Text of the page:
A Night at the Bates Motel

by Candy Harrington

 

Sometimes you should really just go with your gut instinct when you’re on the road. Such was the case when we motored up to a rural Indiana motel late last fall. Granted it was only 3:45 P.M. and check-in wasn’t until 4 :00, but since there were only six rooms I figured it really wouldn’t be a problem. Well, I figured wrong.

To be honest, just walking into the motel office gave me the creeps. It was small and dingy and covered in dust; but to be fair, everything in that part of the country was covered in dust. And then there was the manager, who at first wouldn’t take her eyes off the mini television in front of her, or even acknowledge that another person had entered the room. I cleared my throat a few times. No response. I made some noise and shuffled my feet a bit. Still no response. Finally, I awkwardly blurted out, Hello, I’m here to check-in. That at least elicited a stony cold look.

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Noises Off!

by Eric Lucas

“Quiet, please.”

Who needs ice at 3 in the morning?

No one. But that didn’t stop the ice machine out in the hall from heroically performing its appointed rounds, manufacturing fresh delectable ice in a steady, cacophonous landslide for all those hotel guests who simply have to have martinis at vampire time. It was 3:12am. The relentless clatter of cubes into basin sounded like the dwarves of Moria hammering orc swords. Clack. Thwark. Thunk.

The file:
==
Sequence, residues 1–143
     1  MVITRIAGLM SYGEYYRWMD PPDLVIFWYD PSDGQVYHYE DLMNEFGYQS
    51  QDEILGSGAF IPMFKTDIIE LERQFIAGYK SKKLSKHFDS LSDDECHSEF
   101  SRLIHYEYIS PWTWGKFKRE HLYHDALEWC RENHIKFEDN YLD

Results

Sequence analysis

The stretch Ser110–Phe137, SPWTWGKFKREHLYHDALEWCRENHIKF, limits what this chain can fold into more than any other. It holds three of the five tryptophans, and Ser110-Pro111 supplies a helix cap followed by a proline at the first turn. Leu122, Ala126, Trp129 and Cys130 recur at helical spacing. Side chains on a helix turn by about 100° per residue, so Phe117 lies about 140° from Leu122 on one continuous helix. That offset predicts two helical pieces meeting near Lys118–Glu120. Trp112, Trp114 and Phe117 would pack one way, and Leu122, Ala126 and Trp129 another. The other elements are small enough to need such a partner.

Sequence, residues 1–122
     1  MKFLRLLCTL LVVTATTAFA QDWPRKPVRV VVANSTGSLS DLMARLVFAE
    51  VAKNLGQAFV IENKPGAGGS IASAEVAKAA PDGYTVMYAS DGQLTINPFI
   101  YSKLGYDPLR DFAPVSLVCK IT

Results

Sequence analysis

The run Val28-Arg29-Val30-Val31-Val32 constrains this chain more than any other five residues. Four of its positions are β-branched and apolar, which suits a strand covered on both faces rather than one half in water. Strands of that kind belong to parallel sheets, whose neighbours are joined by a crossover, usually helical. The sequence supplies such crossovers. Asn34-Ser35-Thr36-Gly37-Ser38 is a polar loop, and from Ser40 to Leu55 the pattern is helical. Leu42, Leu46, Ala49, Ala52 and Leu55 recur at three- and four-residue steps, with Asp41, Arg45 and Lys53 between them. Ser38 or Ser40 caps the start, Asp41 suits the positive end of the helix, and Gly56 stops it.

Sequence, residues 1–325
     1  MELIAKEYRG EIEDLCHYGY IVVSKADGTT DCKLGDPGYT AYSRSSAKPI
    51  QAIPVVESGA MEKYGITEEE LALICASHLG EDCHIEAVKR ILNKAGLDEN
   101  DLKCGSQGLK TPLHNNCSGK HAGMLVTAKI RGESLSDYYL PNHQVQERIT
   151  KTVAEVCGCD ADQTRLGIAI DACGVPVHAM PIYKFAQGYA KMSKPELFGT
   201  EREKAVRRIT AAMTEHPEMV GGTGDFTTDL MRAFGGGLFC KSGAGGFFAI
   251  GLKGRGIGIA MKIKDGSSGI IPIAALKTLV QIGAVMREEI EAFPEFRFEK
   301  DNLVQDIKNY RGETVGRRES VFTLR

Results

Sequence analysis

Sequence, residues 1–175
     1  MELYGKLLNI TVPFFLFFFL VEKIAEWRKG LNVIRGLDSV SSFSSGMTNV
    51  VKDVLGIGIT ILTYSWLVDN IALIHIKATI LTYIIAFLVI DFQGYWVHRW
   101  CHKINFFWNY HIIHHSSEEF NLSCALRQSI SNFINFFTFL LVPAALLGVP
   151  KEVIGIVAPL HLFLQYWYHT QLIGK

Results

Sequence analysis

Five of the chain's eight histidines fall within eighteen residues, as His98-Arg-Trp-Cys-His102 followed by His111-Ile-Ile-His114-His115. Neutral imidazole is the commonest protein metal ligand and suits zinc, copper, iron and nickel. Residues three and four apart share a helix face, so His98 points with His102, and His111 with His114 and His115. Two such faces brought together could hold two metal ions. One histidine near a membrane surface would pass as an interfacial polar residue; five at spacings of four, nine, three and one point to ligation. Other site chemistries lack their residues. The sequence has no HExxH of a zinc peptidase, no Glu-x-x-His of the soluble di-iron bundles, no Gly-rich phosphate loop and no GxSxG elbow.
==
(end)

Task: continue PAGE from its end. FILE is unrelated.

That’s what it seemed like to me, jet-lagged and testy after flying into San Francisco from Vienna. It’s a long way. You cross nine time zones, and when you arrive your “day” has stretched nine extra hours.

All I wanted was a quiet room. Peaceful sleep.

Quiet is the ultimate travel luxury, the almost unattainable Holy Grail of journeying through the 21st century. In airports you will listen to CNN or Kenny G whether you want to or not; if you do find a corner that has escaped Orwellian electronic coverage, that’s where Nadia Sulaiman is changing the diapers on all eight of her brood. On the plane, unless you’re in first class, Dennis the Menace is practicing soccer on your seatback; if you are in first class, you’re right behind two robber barons gobbling Bloody Marys at 8am and planning a leveraged take-down of Amalgamated First Second National Global Savings & Loan. If you buy noise-canceling headphones, you discover that they cancel only ambient noise, thus magnifying conversation.

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